Fragmented Reality – Ludum Dare 33

Amidst all the preparations for the upcoming fall term, I found some time last weekend to participate in the 33rd Ludum Dare contest. My entry is “Fragmented Reality,” which some of the reviewers described as an “art game”.

Fragmented Reality screenshot

Screenshot from an earlier version of the game

For those unfamiliar with the contest (which I may have described here before), the objective is to complete an entire game, from scratch, in 48 hours. Art, sound, music, design all has to be completed in two days. You are allowed to start with publicly available code libraries, which saves us all from having to design our own programming languages, compilers, and base libraries. I like to refer to it as the “Nanowrimo of game development,” but unlike Nanowrimo, the entries are rated by all the other participants.

The theme this time, voted on by the participants, was “you are the monster.”

The trick to doing well seems to be to know what you can reasonably accomplish in 48 hours. I’m pretty happy with the way mine came out, especially considering I didn’t have the entire 48 hours. I didn’t really have time to sit back and think about how well I made the design decisions, but there are fewer flukes than in the last two contents I participated in.

I’m filing this one under “storytelling”, because despite all the little shortcomings, I’m pretty pleased with the ending. There are a few frustrating levels, but it’s a short game.

{ Game Page }

{ Ludum Dare entry page }

The Hybrid Textbook, Part 1

A couple of years ago I wrote about the hybrid novel. Recently, I’ve been bringing this idea back into the spotlight in the form of a “hybrid textbook” that will supplement an introductory-level course I’m starting this semester.

In my 2011 experiment with the “hybrid novel”, I envisioned a novel that adapted its content based on the reader’s input. The intended effect was subtle, and mostly found in the illustrations and “illuminations”. The result would have been less like a choose-your-own-adventure book, and more like using the illustrations to solve the mystery in The Eleventh Hour.

“Illuminations” in a textbook are hardly new. For instance, many books on programming languages came with sample programs; math books with calculator programs and activities; other books with supplemental CDs; etc. Today, most online homework systems provide guided and interactive tutoring.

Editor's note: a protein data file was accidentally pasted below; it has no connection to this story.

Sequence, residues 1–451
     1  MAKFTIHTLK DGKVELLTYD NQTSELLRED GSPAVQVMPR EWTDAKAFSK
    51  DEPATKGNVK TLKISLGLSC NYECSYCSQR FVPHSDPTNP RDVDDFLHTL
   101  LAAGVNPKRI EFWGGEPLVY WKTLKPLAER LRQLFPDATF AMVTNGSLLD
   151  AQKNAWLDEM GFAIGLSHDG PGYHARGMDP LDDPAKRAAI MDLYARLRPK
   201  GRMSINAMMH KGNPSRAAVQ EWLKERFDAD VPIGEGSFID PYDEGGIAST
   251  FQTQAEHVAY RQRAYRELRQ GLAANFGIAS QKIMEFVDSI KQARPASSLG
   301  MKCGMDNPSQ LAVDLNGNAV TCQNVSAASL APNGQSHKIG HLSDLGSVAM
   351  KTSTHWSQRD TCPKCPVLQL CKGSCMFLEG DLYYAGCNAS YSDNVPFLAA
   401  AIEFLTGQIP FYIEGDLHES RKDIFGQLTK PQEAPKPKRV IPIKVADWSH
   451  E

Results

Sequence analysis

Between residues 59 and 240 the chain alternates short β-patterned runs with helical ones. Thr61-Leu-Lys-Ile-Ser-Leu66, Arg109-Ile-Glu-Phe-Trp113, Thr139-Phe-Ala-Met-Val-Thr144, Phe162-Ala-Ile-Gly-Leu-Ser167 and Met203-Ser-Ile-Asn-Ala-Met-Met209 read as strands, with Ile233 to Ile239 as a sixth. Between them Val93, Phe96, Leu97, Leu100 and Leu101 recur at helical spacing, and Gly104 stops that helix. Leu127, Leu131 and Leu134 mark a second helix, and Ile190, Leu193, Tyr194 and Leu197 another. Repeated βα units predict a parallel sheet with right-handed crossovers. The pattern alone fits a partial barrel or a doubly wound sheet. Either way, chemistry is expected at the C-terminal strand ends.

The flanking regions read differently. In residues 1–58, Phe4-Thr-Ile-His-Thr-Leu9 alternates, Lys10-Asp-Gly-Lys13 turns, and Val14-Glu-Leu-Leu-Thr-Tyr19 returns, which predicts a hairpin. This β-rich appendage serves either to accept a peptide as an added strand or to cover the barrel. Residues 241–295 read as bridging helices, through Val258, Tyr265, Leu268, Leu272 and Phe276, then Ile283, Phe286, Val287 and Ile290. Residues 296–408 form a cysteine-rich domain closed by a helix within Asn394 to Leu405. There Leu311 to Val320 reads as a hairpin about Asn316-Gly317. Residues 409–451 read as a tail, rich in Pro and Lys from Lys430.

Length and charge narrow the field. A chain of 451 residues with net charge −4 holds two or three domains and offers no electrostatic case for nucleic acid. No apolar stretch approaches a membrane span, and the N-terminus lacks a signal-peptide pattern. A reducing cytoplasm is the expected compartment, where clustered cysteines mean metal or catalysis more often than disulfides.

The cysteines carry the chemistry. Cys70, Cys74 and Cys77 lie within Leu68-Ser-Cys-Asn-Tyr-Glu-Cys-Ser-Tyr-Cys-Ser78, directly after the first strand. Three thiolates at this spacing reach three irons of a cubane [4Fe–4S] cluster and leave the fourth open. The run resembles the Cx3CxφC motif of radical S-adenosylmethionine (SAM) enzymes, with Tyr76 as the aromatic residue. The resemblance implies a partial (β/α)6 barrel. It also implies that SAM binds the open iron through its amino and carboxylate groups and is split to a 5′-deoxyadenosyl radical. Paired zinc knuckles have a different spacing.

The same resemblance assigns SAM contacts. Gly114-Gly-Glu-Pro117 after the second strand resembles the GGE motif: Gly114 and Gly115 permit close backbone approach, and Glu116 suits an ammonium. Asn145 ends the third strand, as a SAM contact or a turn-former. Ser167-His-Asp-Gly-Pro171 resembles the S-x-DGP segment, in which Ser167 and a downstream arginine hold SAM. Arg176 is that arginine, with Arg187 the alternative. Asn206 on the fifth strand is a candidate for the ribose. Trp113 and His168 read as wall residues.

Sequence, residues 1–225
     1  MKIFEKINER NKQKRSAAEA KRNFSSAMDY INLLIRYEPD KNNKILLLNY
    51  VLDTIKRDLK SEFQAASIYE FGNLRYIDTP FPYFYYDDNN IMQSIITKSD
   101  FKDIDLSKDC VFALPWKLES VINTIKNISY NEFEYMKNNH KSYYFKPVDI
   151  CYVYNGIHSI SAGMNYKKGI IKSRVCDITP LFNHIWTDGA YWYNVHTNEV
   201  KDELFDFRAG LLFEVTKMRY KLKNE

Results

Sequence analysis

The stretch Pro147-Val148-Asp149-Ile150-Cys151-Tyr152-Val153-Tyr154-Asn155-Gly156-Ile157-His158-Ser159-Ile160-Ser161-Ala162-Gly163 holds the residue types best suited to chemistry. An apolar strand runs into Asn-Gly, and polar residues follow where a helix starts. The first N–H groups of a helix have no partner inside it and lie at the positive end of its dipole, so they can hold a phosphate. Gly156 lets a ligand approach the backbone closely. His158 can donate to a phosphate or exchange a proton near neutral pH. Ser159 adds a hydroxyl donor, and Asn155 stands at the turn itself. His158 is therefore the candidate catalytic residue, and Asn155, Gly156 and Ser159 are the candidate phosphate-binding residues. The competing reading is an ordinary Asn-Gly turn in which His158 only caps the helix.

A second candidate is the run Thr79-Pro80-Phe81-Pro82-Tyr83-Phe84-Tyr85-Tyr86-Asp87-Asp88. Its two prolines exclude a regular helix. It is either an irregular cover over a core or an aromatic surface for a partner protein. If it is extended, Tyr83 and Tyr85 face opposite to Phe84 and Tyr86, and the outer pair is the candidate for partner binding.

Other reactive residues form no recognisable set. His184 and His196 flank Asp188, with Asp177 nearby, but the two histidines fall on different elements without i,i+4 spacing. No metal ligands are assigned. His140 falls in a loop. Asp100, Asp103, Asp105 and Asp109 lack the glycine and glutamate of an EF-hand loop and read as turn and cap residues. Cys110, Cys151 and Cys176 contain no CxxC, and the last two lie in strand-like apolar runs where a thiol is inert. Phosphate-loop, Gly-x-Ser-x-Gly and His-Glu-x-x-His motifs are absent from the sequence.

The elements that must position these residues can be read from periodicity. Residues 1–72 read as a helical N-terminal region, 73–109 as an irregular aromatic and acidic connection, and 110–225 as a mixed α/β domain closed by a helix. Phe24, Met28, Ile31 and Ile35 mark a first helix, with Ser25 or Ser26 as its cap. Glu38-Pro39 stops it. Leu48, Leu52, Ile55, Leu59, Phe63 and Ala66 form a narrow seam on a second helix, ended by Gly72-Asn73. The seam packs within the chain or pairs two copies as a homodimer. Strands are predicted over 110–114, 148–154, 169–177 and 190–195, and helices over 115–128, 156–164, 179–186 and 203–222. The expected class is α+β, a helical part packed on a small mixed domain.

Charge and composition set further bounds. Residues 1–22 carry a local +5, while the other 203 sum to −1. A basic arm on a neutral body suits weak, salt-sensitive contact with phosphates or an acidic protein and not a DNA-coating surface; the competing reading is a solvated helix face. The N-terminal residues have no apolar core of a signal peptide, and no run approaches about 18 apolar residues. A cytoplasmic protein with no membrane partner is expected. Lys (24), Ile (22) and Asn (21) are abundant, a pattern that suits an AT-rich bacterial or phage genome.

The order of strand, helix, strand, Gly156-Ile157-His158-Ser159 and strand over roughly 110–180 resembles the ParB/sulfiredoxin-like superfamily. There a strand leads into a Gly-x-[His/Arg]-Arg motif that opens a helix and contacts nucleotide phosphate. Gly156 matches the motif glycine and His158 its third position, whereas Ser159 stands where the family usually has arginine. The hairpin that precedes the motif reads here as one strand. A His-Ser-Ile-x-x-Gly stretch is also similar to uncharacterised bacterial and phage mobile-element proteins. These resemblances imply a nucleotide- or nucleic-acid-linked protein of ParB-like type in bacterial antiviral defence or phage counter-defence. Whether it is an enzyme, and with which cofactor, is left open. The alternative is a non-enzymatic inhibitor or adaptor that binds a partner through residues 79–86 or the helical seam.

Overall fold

However, there are still two notable problems I consistently run into:

  • Many students do not purchase the textbook, and fewer regularly read it
  • In introductory (100-level) courses, there is a wide range of student ability

On the first point, there are plenty of students who don’t know how to read the book. Obviously a textbook–math, in particular–will not read like a novel. Properly reading the book requires some ability to teach one’s own self. I can’t expect 100-level students to come into class with this ability, since one of the goals of a college education is to “learn how to learn”, so to speak.

There are also multiple types of learners to deal with. Some people are visual learners, others auditory, and so on. A book isn’t going to do much for an auditory learner, nor a kinesthetic learner.

On the second point, an introductory course is less likely to have prerequisites that ensure the students come in with a certain level of ability. In fact, the course I’m targeting doesn’t even have a “recommended” prerequisite course. It’s the most elementary course we offer. Even in a small class, the spectrum is fairly wide.

In an effort to solve these problems, I’ve designed a “hybrid textbook” that incorporates video, audio, interactive demonstrations, and traditional text. The supporting software is the Instructional Software Development Kit that I spoke about at ICTCM 2015, and takes advantage of just about the entire toolset. Indeed, this was the project I had in mind when I designed the toolset.

I am beginning to bring the book online. I have the about page up. (As of time of writing, none of the other links work). It is designed to accompany a “flipped classroom”, and so many of the activities within the book feed to a report I can use to monitor student progress. I can adapt the course as necessary.

In Part 2, we’ll see what is working and what needs improvement–once I learn that myself.

ICTCM 2015

A quick note to any visitors arriving from my ICTCM presentation: The Instructional Software Development Kit can be found here: is currently being reorganized. will house software, research, etc. The main site ( will stay the same, but I’ll adding another sub-domain or two.